Saturday, 26 May 2012

Loss Aversion

"losses loom larger than corresponding gains"
"In prospect theory, loss aversion refers to the tendency for people to strongly prefer avoiding losses than acquiring gains. Some studies suggest that losses are as much as twice as psychologically powerful as gains. Loss aversion was first convincingly demonstrated by Amos Tversky and Daniel Kahneman."

"The principle of loss aversion was first introduced by Kahneman and Tversky (1979)"
Tversky and Kahneman (1991) "The central assumption of the theory is that losses and disadvantages have greater impact on preferences than gains and advantages."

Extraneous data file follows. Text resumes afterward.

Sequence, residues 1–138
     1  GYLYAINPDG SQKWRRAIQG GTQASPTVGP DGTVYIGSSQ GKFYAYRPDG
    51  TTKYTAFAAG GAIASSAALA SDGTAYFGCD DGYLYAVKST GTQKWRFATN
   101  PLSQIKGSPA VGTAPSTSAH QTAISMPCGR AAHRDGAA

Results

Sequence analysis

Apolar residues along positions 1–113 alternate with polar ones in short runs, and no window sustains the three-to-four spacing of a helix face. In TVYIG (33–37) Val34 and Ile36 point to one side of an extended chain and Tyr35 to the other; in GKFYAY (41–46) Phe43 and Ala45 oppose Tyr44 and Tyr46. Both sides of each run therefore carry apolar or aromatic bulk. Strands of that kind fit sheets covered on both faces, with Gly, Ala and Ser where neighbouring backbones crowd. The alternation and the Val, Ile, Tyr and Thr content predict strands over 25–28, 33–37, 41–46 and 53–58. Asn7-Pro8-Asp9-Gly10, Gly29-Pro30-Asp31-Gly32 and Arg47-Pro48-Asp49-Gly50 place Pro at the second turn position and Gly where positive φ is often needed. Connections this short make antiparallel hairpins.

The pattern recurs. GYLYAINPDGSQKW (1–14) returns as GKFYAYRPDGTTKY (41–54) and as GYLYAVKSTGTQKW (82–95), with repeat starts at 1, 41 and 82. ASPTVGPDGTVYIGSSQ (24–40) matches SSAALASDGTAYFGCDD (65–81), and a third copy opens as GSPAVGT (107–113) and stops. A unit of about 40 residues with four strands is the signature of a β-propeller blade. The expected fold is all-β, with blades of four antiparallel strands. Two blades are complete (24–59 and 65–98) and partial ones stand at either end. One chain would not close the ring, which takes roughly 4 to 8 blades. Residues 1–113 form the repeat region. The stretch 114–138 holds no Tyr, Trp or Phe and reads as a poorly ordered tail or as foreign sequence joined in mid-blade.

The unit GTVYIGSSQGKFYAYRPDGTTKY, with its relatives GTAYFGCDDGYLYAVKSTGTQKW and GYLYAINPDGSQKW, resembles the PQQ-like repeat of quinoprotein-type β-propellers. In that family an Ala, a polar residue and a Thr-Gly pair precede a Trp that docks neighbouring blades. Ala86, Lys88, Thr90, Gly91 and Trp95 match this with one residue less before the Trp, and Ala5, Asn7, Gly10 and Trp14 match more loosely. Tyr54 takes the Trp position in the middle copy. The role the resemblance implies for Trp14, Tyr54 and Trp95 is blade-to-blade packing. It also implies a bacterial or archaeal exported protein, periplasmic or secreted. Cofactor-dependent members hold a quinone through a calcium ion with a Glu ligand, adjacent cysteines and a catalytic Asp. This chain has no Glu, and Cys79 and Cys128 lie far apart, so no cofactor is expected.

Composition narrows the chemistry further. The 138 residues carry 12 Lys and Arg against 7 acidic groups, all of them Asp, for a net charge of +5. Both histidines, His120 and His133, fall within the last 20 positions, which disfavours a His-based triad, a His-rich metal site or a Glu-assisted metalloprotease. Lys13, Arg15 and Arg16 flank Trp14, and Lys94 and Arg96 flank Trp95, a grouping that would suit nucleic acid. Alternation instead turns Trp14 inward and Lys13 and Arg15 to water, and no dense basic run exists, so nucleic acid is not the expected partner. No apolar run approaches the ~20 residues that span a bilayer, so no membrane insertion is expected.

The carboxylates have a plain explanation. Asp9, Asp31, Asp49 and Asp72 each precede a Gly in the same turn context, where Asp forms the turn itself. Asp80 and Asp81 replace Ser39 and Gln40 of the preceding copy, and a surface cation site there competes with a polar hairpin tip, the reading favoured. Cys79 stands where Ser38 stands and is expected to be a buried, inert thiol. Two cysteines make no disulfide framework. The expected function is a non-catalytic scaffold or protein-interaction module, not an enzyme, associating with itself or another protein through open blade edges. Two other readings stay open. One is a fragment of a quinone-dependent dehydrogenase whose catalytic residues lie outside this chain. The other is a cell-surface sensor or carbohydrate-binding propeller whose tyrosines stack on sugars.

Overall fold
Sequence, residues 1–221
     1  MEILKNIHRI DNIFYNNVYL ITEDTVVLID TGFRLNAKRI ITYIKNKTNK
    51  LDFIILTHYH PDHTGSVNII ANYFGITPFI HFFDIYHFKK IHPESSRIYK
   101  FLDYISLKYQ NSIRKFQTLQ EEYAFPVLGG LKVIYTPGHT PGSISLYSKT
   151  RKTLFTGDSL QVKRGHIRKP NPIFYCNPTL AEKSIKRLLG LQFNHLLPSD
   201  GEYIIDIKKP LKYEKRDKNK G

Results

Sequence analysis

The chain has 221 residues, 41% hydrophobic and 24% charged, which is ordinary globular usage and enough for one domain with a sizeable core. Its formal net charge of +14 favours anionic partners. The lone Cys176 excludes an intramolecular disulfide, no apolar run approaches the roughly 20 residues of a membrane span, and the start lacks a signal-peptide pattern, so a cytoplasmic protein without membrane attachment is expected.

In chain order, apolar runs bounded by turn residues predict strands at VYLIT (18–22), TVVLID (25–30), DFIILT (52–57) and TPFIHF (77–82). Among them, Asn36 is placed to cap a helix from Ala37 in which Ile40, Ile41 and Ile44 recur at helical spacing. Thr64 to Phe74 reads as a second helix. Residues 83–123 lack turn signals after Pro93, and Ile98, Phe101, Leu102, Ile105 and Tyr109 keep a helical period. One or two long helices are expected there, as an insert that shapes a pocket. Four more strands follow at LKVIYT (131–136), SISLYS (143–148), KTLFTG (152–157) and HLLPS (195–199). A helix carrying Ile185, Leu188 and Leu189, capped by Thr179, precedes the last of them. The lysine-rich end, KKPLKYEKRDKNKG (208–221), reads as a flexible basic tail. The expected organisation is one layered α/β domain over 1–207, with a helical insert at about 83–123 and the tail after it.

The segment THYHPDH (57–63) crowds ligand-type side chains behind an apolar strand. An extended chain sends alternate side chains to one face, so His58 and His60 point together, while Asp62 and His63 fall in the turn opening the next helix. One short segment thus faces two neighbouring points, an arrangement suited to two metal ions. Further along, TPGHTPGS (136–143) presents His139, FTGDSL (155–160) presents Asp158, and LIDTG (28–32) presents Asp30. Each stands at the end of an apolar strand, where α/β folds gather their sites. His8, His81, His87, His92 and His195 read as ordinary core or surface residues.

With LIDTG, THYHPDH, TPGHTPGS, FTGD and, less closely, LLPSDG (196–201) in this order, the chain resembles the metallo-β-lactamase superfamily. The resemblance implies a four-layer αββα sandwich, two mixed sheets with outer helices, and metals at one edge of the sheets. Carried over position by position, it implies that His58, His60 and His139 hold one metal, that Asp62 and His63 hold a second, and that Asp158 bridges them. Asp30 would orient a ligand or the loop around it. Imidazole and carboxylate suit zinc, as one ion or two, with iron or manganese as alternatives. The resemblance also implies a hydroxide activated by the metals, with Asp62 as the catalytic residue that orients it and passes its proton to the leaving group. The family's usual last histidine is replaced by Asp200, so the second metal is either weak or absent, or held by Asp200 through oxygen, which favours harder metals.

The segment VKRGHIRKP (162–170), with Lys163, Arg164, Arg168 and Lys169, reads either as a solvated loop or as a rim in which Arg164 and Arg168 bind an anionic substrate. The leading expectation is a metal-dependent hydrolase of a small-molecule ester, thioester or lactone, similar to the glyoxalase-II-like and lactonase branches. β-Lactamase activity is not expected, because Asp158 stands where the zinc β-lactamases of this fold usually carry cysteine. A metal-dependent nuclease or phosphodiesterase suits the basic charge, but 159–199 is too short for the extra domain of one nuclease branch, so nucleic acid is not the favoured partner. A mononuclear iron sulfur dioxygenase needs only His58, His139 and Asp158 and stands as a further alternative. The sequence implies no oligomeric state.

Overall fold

"Numerous studies have shown that people feel losses more deeply than gains of the same value (Kahneman and Tversky 1979, Tversky and Kahneman 1991)."
Goldberg and von Nitzsch (1999) pages 97-98
"Both the status quo bias and the endowment effect are part of a more general issue known as loss aversion." (Montier 2007, p. 32)

Loss aversion - Wikipedia

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